Exercise Becomes More Important As You Age

I notice as I get older that my body changes in ways I do not expect. One change is the relentless accumulation of fat on my outer thighs. I never noticed this as a “problem area” before, but it seems that my body prefers to keep a little pooch there as a just-in-case fund. This is hardly dramatic or urgent, but it got me thinking about the challenges of keeping our bodies healthy and strong as we get older.

As we age, our metabolisms naturally slow down and our muscle mass decreases. We tend to accumulate more fat more easily and our joints weaken. We get sick more easily and our skin wrinkles all over itself in weird places. It all sounds very depressing.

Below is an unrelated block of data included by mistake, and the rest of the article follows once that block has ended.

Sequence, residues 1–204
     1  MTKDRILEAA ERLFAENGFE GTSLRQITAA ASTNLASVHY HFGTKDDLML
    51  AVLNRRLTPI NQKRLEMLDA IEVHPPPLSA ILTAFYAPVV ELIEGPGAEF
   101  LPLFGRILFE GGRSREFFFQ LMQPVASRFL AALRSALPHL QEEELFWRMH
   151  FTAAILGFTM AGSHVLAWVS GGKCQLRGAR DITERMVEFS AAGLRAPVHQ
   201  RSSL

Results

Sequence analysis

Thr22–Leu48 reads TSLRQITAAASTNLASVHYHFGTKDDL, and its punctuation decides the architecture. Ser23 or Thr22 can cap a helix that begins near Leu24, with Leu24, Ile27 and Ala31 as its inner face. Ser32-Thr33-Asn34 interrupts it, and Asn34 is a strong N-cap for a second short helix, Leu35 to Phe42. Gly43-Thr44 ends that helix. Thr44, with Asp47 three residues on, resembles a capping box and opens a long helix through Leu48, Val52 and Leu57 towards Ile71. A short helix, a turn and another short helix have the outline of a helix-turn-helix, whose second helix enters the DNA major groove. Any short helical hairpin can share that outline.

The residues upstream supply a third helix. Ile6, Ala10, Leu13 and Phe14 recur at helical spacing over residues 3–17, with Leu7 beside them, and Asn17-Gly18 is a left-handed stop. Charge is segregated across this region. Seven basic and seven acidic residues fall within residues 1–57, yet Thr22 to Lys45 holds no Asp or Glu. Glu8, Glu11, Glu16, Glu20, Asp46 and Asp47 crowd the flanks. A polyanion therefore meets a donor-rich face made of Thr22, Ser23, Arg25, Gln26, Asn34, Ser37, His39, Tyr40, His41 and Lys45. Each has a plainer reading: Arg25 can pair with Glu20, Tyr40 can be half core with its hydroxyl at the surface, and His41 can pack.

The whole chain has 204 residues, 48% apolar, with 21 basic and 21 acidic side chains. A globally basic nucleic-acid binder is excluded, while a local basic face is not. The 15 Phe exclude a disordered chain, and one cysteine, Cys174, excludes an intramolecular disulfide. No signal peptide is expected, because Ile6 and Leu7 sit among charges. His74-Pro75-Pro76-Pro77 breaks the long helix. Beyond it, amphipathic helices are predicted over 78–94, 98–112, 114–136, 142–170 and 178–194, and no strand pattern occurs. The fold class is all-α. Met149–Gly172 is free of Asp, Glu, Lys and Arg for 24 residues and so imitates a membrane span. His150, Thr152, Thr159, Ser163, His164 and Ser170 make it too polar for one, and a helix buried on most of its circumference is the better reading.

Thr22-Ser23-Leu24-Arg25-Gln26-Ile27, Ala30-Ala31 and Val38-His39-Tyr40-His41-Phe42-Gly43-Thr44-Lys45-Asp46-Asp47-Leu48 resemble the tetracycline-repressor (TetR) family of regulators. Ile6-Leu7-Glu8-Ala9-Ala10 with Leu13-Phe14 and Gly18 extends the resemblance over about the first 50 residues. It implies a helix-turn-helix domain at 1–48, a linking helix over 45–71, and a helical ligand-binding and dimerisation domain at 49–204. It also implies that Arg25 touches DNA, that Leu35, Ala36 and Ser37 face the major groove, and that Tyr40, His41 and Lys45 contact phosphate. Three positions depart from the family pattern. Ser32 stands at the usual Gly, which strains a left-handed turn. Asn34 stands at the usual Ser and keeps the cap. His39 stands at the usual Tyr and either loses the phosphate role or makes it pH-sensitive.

The good news is we can actually prolong the youthfulness of our bodies. The bad news is it takes work; and depending on where you are on the fitness scale, it could take a lot of work.

It may sound counterintuitive, but exercising your body actually helps improve its performance in the long-term. If you have weak joints or back pain, strengthening your muscles will help support your bones and keep your body positioned correctly. If you have chronic inflammation, cardiovascular activity can help your blood flush out your problem areas. If cancer, heart problems, diabetes, or high blood pressure runs in your family, a mix of cardio and strength training can help regulate your body and keep genetic hazards at bay.

Now, exercise can not cure everything nor can it prevent death. It is not even guaranteed to prevent illness or the aches and pains of aging. However, it can sure make the journey a heck of a lot easier.

Here are a few reasons why you should prioritize physical activity at every age: